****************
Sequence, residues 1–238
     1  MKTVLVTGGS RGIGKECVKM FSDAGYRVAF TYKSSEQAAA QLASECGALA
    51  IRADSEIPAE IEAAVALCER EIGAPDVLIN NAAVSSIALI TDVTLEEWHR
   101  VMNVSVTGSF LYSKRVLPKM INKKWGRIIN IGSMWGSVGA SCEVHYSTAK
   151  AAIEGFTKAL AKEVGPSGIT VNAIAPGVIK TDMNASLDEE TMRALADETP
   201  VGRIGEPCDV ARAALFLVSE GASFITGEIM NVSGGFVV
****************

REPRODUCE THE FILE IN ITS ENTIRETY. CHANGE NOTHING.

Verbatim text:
Sequence, residues 1–238
     1  MKTVLVTGGS RGIGKECVKM FSDAGYRVAF TYKSSEQAAA QLASECGALA
    51  IRADSEIPAE IEAAVALCER EIGAPDVLIN NAAVSSIALI TDVTLEEWHR
   101  VMNVSVTGSF LYSKRVLPKM INKKWGRIIN IGSMWGSVGA SCEVHYSTAK
   151  AAIEGFTKAL AKEVGPSGIT VNAIAPGVIK TDMNASLDEE TMRALADETP
   201  VGRIGEPCDV ARAALFLVSE GASFITGEIM NVSGGFVV